Founder of Specialisterne (Denmark)
Can you briefly describe why you started the company?
The Idea for Specialisterne and Specialisterne Foundation started with my son Lars. He was 2½ years old when my wife and I noticed that his development began to differ from that of his older brothers. We arranged with his day nursery that he would get extra support from a qualified child psychologist, all the while hoping of course that we could learn how best to help him become more like his brothers. Eventually, we were informed that Lars had autism – a life-long invisible disability. We feared that Lars would face a life where he would be constantly misunderstood and isolated because it would be difficult for him to interpret what others expected of him. Most likely, Lars would never have a normal working life.
Can you briefly describe the primary purpose of your company and what social or environmental problems you seek to address?
I became active in the Danish Autism Association. I also studied the Danish welfare model, and realized that although the model is strong and has many good aspects, there was a lot of room for improvement. I learned that families with an autistic child have a high risk of exclusion from society. This is mostly due to the invisibility of the disability, meaning that the families struggle getting the outside world to understand and provide timely support. Social workers also work under difficult conditions. Welfare schemes is available, but the knowledge on autism is often scarce.
With the support of my family, I re-mortgaged our home and established Specialisterne. Specialisterne is an attempt to tailor a working environment geared towards autistic people, enabling them to use their specialist skills in the business sector, at market terms. Specialisterne Denmark also offer a three year youth education programme, assessment of working skills and competence training and development.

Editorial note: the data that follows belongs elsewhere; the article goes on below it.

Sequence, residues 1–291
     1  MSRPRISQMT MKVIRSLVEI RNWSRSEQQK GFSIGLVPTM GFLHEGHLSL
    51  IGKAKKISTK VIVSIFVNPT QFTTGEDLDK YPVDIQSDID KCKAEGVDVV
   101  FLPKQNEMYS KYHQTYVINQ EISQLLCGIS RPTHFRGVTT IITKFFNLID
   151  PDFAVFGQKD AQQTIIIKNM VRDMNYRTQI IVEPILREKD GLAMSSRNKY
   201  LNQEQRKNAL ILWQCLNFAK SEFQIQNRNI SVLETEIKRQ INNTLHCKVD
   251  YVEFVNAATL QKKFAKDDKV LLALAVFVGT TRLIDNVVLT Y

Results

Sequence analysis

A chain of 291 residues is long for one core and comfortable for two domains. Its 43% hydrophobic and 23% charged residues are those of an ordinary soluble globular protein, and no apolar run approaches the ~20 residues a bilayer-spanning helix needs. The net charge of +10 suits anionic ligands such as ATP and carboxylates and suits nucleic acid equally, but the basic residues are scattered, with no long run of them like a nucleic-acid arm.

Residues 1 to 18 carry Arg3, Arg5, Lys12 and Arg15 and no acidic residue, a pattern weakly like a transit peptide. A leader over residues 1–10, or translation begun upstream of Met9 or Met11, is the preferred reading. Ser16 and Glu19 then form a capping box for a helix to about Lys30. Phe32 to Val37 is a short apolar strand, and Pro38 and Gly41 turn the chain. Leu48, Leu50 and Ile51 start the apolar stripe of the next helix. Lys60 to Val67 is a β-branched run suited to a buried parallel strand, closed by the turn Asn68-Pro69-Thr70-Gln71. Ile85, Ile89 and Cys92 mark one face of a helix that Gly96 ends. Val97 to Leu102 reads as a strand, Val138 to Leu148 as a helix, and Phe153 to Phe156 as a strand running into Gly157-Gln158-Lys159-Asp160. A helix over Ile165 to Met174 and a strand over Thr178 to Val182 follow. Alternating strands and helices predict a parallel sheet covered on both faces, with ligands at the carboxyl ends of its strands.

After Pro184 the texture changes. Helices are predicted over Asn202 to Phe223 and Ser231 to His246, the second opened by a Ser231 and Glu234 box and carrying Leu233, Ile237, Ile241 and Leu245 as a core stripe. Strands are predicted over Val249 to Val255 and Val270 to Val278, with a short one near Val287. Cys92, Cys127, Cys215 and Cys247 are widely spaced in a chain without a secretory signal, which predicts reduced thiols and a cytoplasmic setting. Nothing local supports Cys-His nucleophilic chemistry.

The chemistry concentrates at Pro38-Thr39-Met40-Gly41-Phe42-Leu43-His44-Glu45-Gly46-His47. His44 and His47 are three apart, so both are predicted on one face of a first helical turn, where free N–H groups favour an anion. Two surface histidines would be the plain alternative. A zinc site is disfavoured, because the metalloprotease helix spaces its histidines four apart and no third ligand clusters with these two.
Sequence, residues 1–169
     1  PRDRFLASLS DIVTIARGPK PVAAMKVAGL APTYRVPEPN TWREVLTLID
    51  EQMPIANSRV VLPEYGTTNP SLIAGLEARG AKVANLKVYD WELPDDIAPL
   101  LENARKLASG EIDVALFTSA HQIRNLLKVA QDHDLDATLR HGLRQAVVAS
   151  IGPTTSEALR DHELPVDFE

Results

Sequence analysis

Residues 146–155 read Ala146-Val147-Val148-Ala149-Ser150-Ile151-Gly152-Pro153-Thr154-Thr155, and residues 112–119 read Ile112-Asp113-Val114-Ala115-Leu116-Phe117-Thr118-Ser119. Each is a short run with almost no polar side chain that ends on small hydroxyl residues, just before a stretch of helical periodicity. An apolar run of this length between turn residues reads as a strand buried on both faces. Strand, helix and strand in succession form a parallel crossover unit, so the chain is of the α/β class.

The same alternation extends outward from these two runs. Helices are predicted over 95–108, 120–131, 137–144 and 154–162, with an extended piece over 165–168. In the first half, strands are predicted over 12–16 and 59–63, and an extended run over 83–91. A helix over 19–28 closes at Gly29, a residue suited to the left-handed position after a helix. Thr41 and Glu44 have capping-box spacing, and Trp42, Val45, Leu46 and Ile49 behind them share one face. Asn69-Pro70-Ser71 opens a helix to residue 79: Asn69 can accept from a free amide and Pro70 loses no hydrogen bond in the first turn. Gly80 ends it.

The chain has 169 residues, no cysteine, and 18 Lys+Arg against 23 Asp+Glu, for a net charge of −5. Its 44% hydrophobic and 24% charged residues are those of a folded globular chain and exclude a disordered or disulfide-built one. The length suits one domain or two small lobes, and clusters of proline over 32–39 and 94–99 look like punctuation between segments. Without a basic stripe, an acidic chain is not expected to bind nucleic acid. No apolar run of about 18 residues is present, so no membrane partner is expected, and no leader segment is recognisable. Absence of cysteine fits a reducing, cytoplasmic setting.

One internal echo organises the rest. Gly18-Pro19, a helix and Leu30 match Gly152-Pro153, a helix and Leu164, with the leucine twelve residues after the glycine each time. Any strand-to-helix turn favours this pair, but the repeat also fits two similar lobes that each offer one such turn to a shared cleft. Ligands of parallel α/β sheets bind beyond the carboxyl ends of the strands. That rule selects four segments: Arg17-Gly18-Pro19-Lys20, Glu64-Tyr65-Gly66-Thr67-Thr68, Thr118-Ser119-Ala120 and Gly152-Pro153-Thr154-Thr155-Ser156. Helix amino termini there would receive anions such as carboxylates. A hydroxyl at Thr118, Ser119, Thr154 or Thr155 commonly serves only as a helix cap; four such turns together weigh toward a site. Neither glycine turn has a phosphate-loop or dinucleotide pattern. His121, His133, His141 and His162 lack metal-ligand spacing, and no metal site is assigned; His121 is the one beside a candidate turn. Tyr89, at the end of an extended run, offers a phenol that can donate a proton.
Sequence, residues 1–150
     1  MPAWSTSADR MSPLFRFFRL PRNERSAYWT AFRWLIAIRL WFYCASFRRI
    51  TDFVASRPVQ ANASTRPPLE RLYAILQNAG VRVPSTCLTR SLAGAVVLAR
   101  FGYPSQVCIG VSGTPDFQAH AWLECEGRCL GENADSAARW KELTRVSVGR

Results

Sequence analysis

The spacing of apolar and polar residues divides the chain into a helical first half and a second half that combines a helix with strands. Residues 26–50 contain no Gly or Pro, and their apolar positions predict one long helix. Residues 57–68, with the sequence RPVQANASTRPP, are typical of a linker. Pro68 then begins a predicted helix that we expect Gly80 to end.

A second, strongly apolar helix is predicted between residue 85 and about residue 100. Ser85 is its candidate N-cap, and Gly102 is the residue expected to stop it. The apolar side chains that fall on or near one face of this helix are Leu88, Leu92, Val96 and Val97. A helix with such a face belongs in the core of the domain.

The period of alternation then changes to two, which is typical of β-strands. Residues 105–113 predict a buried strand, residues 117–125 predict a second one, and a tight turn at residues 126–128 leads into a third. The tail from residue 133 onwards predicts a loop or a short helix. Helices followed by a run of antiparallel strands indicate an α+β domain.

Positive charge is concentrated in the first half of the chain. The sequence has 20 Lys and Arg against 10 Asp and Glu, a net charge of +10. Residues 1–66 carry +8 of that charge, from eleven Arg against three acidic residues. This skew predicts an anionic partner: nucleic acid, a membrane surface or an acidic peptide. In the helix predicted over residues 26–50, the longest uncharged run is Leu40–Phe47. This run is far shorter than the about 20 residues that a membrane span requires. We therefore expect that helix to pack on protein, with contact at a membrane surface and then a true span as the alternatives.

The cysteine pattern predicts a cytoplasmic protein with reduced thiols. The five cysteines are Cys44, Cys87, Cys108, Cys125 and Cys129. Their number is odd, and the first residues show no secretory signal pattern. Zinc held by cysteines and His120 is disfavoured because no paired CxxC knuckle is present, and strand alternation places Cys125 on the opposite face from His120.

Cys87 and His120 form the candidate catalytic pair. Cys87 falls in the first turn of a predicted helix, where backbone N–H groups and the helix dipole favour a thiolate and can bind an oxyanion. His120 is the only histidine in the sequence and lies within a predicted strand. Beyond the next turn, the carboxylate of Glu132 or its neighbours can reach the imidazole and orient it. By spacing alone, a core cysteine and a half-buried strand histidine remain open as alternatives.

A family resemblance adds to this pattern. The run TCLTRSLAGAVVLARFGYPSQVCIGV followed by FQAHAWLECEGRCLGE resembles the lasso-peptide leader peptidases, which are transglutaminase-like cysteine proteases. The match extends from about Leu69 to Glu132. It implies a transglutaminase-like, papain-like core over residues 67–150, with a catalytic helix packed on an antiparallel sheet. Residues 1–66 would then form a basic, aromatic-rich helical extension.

Our vision is to create new possibilities for autistic people and to influence society to adopt a more positive attitude towards autistic people so they can be included in society.
Can you describe how the two bottom lines are connected – how you manage to combine commercial income and social/or environmental impact.
With 30 consultants doing job for a variety of customers, a three-year youth education programme (30 students), were everybody go further for a job or an adult education and an assessment department (20 candidates), our social impact is huge. Instead of being on social benefit programs their skills are being assessed, developed or used in real work. At the same time, we get a commercial outcome so we can continue as a sustainable healthy business.
Specialisterne is in 17 countries and via partners in 35 locations. Our aim is to create 1,000 jobs in Denmark and 1 million jobs global. Many more autistic persons should be benefitting from the Specialisterne model. We are constantly working on scaling our impact.